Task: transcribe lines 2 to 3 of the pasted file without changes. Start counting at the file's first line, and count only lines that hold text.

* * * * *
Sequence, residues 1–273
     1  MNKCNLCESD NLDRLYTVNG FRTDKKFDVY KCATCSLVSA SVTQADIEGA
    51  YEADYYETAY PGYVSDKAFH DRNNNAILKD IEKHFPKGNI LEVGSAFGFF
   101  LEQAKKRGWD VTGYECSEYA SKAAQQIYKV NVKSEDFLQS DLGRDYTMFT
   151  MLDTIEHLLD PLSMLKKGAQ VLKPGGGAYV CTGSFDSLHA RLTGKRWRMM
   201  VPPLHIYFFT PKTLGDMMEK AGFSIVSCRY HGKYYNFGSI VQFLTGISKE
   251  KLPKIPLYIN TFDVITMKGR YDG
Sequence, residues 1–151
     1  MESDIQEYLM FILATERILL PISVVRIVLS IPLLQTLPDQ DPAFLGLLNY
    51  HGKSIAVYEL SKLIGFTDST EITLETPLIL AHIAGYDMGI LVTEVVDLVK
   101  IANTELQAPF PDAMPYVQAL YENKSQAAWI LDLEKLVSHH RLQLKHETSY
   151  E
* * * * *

     1  MNKCNLCESD NLDRLYTVNG FRTDKKFDVY KCATCSLVSA SVTQADIEGA
    51  YEADYYETAY PGYVSDKAFH DRNNNAILKD IEKHFPKGNI LEVGSAFGFF